Globalized Economy More Sensitive To Recessions
Rice University scientists study global trade using evolutionary theory
By applying the same rules that explain how genomes evolve, Rice University physicists have shown that the world economy is more sensitive to recessionary shocks and recovers more slowly from recessions now than it did 40 years ago, due to increased trade globalization.
Their findings are available online and will appear in an upcoming issue of the Physical Review Letters.
"Standard economic theory suggests that trade networks with a more modular structure tend to recover more slowly from recessions, but using evolutionary theory we predicted the opposite, and U.N. trade data indicate we were right," said Michael Deem, the John W. Cox Professor in Biochemical and Genetic Engineering and professor of physics and astronomy at Rice.
Deem and co-author Jiankui He, a graduate student in physics and astronomy, studied United Nations trade data from the past 40 years and found the global economy has tended to react more sharply to recessions and to recover more slowly from them as globalization has increased.
The concept of modularity is key to understanding their findings. In biology, a module is a structure that is part of a larger system but can also function partly on its own, in much the same way that a modular piece of furniture might function either by itself or as part of larger ensemble. In living things, modularity is rampant at every scale — from the genomes inside cells to the organs in human bodies.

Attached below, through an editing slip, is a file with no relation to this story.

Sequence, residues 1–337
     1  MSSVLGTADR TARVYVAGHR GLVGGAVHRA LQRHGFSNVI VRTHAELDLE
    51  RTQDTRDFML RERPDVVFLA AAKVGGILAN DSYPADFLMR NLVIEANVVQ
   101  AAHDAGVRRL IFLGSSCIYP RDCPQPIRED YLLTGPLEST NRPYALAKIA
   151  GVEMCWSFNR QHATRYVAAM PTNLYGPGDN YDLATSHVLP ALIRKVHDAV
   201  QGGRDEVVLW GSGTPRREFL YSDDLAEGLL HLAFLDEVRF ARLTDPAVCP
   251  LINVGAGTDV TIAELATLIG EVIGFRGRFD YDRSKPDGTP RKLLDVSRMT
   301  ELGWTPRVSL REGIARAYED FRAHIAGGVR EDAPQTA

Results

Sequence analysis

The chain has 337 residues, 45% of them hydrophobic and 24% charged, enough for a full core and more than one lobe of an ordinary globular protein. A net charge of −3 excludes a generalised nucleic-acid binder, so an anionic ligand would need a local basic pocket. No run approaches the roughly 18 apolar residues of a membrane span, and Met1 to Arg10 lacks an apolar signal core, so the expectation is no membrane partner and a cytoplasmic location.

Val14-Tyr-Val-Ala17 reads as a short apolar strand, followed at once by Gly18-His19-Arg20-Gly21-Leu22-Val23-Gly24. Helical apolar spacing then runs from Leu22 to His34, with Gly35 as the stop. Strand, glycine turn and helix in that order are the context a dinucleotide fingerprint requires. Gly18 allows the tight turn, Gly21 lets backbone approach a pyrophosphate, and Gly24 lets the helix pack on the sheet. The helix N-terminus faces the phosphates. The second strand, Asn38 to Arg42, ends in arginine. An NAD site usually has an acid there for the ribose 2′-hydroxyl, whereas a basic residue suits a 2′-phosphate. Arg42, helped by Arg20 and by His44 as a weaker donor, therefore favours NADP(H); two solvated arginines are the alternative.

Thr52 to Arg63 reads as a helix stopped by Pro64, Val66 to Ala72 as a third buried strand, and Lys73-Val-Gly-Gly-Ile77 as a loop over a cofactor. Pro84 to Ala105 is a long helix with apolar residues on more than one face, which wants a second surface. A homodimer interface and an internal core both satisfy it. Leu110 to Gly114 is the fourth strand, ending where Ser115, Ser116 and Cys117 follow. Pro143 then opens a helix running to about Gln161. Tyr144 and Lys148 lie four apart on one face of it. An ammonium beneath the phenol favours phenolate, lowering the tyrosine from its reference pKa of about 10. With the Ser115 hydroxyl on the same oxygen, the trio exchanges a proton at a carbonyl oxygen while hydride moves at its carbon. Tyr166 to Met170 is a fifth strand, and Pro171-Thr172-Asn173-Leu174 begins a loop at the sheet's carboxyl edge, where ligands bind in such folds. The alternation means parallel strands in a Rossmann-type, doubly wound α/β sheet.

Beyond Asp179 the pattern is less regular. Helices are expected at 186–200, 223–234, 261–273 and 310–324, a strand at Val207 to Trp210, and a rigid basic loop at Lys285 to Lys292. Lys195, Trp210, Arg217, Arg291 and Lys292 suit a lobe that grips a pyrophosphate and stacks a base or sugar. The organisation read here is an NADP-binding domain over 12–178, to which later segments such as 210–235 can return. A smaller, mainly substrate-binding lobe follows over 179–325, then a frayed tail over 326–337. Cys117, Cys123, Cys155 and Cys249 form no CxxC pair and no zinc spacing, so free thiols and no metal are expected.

In 2007, Deem and former postdoctoral fellow Jun Sun offered an explanation for biological modularity. They showed that modularly arose spontaneously in systems where evolution occurred relatively slowly and where information — like genes — could be swapped.
"What we showed in 2007 was that under certain conditions, a changing environment leads to the development of a modular structure," Deem said. "We considered the world trade network to be an evolving system, and we know information in the form of business practices is readily swapped throughout the trade network. Since it matches the conditions for our theory, we hypothesized that it would also follow the same physical rules."
To test their idea, He and Deem had to create a mathematical description of the global trade network. Scientists often use a tree-like structure to study networks — much like a geneologist might use a family tree to describe family relationships. By applying a tree-like geometry to the U.N. data, Deem and He computed a variable called the "CCC" that described the amount of modularity in the global trade network for any given year. In a "flattened" global economy, CCC is low, and it increases as modularity in the trade network increases. Examples of increased modularity could include protectionist tariffs or regional trade associations, each of which acts to restrain trade between countries.
"Another of our predictions was that recessions would cause the world trade network to become more hierarchical, and this is something that was borne out by the data as well," Deem said. "With increasing globalization, we see the CCC trending down since 1969, but we also see it increasing, for a brief period, after each recession."
Deem and He found the trend held true for three major recessions and four minor ones over the past four decades.
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